This is a special recap, in that I was able to make a rare appearance outside the confines of my apartment last night and saw this game live, in person. What does that mean for you? An even longer recap! Peruse the boxscore, and enjoy these notes I took.
- As you can see in said boxscore, Austin was ahead the entire game. Beyond the first few minutes, the closest Tulsa came was probably within six points, at halftime. It was still a pretty fun game to watch, despite the lack of any drama.
- There were a few things I'd point to as to why Austin was able to beat a team sporting two NBA assignees. First, the Toros were killing it on the offensive boards. The final numbers came out even (13-13), but seven of Tulsa's offensive rebounds came in the fourth quarter, when the outcome wasn't really in question. Second, three-point shooting. The 66ers made less than 30 percent of their outside shots; I don't know where Deron Washington gets the idea that he can shoot, but someone needs to take that idea away from him. Third, Tulsa's big men have terrible hands; the team finished with 22 turnovers, most of those coming on bobbled passes. Finally (a few means more than three, right?), Austin had a 38-14 advantage in free throw attempts. Normally at this point I'd probably comment on the refs, but while it's probably true that Tulsa didn't get some calls, the 66ers also just have several guys who foul a lot.
- There were several...let's call them "interesting" lineups put on the floor last night, for both teams. The Toros went big at one point in the first half, with a frontcourt of Dwayne Jones, Luke Bonner and Eddie Basden. They also went with a less-successful smaller lineup in the second half with Squeaky Johnson, Curtis Jerrells and Dominique Coleman out on the floor. At one point Tulsa had a lineup of Kyle Weaver-Moses Ehambe-Deron Washington-Latavious Williams-DeVon Hardin. Let's just say they struggled to score and leave it at that.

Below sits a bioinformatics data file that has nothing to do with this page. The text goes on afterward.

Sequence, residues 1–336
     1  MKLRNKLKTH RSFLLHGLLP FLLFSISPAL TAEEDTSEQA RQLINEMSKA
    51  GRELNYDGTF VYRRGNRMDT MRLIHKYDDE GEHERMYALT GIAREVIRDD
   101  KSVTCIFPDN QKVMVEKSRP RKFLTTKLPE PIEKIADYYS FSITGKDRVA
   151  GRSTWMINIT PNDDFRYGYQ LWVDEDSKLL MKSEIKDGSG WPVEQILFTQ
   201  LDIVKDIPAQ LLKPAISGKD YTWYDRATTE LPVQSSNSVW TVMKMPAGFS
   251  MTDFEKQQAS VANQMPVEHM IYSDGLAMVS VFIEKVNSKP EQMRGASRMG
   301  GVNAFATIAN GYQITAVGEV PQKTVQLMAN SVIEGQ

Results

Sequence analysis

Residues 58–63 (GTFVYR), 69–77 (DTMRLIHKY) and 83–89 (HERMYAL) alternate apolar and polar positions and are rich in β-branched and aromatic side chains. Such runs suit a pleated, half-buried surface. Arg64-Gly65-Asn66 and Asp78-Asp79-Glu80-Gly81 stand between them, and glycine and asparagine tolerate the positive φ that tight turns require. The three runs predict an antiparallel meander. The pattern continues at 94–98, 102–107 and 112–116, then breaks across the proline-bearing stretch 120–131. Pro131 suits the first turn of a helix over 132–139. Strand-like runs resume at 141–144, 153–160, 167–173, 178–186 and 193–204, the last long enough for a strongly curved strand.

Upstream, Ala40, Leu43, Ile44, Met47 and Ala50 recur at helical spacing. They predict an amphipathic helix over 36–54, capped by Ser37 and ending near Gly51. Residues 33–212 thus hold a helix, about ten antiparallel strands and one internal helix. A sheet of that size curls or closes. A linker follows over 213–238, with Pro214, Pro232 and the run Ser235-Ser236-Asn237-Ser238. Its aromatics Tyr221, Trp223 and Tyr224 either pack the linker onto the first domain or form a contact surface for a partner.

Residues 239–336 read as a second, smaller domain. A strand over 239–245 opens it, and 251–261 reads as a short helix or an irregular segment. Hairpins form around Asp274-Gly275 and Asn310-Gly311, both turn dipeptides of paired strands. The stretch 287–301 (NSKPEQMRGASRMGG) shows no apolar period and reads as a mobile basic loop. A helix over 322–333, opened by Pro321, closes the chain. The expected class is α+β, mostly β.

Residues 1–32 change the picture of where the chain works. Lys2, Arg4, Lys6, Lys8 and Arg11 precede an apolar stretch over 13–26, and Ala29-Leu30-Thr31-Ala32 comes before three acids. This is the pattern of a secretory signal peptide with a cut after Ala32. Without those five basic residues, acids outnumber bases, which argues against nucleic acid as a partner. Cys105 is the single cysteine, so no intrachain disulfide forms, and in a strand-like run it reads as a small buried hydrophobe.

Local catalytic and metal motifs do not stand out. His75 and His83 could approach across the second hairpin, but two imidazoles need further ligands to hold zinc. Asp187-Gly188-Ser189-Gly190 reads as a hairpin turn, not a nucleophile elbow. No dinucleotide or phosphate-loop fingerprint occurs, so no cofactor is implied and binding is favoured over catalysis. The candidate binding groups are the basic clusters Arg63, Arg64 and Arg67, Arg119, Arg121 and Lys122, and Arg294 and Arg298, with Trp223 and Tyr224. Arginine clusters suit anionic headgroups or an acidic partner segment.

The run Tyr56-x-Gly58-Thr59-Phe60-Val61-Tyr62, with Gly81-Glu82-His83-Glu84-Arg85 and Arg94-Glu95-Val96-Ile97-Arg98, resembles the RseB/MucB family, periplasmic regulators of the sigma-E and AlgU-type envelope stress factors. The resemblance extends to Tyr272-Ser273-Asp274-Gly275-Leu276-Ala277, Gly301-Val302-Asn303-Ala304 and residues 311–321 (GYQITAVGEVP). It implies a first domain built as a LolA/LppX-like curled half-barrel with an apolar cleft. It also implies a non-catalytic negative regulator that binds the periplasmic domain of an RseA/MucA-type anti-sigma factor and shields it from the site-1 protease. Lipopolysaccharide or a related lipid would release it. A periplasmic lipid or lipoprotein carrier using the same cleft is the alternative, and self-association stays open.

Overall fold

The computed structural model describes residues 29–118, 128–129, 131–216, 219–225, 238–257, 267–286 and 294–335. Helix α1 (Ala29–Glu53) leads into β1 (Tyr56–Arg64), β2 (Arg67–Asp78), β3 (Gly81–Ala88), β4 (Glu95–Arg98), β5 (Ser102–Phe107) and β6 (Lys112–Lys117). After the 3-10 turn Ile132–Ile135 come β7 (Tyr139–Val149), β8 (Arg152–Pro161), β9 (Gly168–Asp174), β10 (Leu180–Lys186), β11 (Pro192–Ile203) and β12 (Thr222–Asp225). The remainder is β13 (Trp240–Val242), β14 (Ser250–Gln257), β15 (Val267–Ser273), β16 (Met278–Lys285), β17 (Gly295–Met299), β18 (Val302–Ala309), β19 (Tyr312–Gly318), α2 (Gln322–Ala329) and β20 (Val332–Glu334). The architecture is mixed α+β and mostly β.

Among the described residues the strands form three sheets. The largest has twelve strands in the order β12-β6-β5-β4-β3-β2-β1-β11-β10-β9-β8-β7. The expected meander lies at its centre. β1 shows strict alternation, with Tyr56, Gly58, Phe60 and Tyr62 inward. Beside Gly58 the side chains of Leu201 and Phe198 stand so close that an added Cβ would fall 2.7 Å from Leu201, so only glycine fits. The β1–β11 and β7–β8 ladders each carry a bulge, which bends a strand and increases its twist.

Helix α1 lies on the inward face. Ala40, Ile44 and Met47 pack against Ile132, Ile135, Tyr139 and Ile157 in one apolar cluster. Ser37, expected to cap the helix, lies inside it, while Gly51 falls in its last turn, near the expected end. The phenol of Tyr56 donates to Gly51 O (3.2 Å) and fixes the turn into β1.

- The Toros got a lot of shot clock violations in this game. I wasn't keeping count, but I would guess somewhere in the 4-5 ballpark. The problem may lie in Curtis Jerrells walking the ball up the court the majority of the time. Coach Quin Snyder seemed to be calling a lot of plays and putting guys into position himself, so perhaps it's just a function of the new players getting acclimated to the offense.
Hit the jump for my notes on individual players.
- Alonzo Gee was named the player of the game, finishing with 28 points on 18 shots and seven rebounds. He struggled at times, usually when matched up against Kyle Weaver or Larry Owens (he got the better of Owens a few times as well). He completely destroyed Deron Washington, though. Destroyed him. I guess that matchup may have made sense for Tulsa in theory, since Washington is athletic and can keep up with Gee while still having a size advantage, but in practice Gee got to the rim whenever he wanted against Washington, who also left Gee wide open from outside a few times.
- Speaking of leaving wide open, the Toros left Larry Owens wide open several times early on in this game. Gee and Eddie Basden were the main culprits. Owens didn't have an overwhelming game offensively (eight points on nine shots), but he finished with seven rebounds (taking a few of them away from Dwayne Jones) and looked decent handling the ball. Owens probably could dominate an offense and take a bunch of shots if he wanted to, and maybe even lead the league in scoring doing so, but instead he facilitates ball movement and never seems to force things. A solid player.